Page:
Lovecraft for Christmas

The Festival   by H.P. Lovecraft (1925)

Tuesday’s Tale of Terror    December 2, 2014

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No one but Lovecraft could bring you to the dark and dreary yuletide of the season. Come to Kingsport, an old fishing town in Massachusetts. Willow trees. Graveyards. Crooked streets … “antiquity hovering on grey wings over winter-whitened gables and gambrel roofs; fanlights and small-paned windows one by one gleaming out in the cold dusk to join Orion and the archaic stars.” There are black gravestones in Kingsport that stick up “through the snow like the decayed fingernails of a gigantic corpse.”

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Not exactly glistening angels and the merry sparkles of Christmas trees. Charles Dickens’ gave us cranky old Scrooge on Christmas Eve, but Lovecraft brings us  into subterranean rituals. Are you ready for the opposite of merry, merry? Gloomy, gloomy. Our narrator tells us that four witches were hung in Kingsport in 1692. Lonely and far from home, he is looking for his relatives for the merry season. He finds his relative’s home on Green Street. A man answers the door, a man with a face like wax and eyes that do not move. Invited in, our narrator enters the house. No one speaks. All he can hear is the “whir of the wheel as the bonneted old woman continued her silent spinning, spinning” before the fireplace.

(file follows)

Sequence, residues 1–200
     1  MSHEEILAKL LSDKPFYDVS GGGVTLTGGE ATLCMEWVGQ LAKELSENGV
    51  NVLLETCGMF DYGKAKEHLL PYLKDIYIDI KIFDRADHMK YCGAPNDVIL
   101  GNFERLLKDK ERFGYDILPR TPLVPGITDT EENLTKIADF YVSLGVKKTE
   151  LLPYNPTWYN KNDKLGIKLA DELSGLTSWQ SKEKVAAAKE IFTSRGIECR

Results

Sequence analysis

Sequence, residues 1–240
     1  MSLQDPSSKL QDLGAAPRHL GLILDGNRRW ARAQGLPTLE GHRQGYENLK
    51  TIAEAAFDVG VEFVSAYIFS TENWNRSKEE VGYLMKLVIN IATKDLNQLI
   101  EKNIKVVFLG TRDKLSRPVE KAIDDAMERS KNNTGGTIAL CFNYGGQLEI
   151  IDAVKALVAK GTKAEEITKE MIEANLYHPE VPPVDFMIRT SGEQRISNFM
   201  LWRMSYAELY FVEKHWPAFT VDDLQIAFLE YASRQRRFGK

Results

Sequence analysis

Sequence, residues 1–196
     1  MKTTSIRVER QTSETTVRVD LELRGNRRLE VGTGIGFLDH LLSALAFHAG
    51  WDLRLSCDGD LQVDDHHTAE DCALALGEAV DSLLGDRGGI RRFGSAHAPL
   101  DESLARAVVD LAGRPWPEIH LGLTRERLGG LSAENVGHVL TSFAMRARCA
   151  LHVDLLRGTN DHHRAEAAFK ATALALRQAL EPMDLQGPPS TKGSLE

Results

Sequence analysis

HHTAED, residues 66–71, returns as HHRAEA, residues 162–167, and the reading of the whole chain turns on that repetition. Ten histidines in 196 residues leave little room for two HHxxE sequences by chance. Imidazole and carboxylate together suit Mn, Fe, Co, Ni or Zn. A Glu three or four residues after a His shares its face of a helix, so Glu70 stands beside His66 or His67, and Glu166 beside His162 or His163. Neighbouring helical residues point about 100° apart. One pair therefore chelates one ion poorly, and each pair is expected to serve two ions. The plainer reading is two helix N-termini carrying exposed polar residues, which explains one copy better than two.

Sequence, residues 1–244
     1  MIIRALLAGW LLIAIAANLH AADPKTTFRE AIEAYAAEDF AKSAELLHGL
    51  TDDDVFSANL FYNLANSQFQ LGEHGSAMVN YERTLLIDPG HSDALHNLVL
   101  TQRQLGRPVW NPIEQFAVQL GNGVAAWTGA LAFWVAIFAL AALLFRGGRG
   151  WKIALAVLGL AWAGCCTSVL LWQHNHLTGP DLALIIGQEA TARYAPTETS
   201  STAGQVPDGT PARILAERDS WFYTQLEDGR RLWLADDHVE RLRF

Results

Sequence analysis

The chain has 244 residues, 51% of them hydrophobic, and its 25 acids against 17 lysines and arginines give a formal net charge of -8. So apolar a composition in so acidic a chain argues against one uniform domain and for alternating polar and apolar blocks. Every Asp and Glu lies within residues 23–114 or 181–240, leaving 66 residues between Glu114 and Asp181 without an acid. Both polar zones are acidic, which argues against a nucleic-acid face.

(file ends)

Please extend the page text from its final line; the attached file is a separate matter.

He participates in a procession through the streets to the Festival, led by voiceless guides to a church and yard. When he looks back, he finds there are no footprints in the snow of these night marchers … nor his own. What does this festival bring? And how does he survive it?

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imagesThe power of Lovecraft’s language here touches deeply into fear, not an emotion we associate with holiday time. Fear, loneliness, displaced from home can harbor its own madness. As Lovecraft tells us in Latin at the beginning of his story: Demons have the ability to cause people to see things that do not exist as if they did exist.

 

 

 

 

Creature Sketch Art by Jason Thompson: MockMan.com

 

Read the full text at H.P. Lovecraft.com

Listen to the audio version on YouTube with visuals. Turn out the lights and listen to this one!

Audio: https://www.youtube.com/watch?v=OjcM_sIDfUs Part 1

https://www.youtube.com/watch?v=62ICpQs9aac Part 2.

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5 Comments

Filed under Christmas stories, classic horror stories, demons, fiction, graveyards, horror, horror blogs, Lovecraft, occult, short stories, tales of terror

5 responses to “Lovecraft for Christmas

  1. Pingback: A Boy Named Claus: The Adventure | Paula Cappa

  2. I’ve not read anything by Lovecraft mainly because I am not a great lover of ghost/mysterious happenings kinds of stories. But I’m tempted to listen to this and maybe find my prejudices are misplaced.

    Liked by 1 person

  3. Hi Sean, yes, you make a good point about the star. The Festival is not well read, which is one of the reasons I wanted to feature it. It is somewhat of a nugget, though, for a truly dark Christmas story. Thank you for posting!

    Like

  4. In my view, this is one of Lovecraft’s better, if lesser known short stories. There is a clever reference to the star Aldebaran “that seemed to balance itself a moment on the ghostly spire”–I think this is a parody of the star of Bethlehem.

    Like

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